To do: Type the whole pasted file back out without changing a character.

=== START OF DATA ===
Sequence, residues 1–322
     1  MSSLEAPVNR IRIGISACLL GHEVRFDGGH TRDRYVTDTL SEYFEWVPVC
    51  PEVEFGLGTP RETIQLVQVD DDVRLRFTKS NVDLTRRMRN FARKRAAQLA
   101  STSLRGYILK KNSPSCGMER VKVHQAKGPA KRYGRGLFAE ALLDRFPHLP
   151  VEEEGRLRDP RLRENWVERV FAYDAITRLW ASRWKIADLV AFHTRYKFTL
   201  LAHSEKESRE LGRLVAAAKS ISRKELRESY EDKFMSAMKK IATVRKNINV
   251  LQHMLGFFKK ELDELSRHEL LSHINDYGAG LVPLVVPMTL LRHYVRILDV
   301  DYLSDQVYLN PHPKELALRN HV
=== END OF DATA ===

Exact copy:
Sequence, residues 1–322
     1  MSSLEAPVNR IRIGISACLL GHEVRFDGGH TRDRYVTDTL SEYFEWVPVC
    51  PEVEFGLGTP RETIQLVQVD DDVRLRFTKS NVDLTRRMRN FARKRAAQLA
   101  STSLRGYILK KNSPSCGMER VKVHQAKGPA KRYGRGLFAE ALLDRFPHLP
   151  VEEEGRLRDP RLRENWVERV FAYDAITRLW ASRWKIADLV AFHTRYKFTL
   201  LAHSEKESRE LGRLVAAAKS ISRKELRESY EDKFMSAMKK IATVRKNINV
   251  LQHMLGFFKK ELDELSRHEL LSHINDYGAG LVPLVVPMTL LRHYVRILDV
   301  DYLSDQVYLN PHPKELALRN HV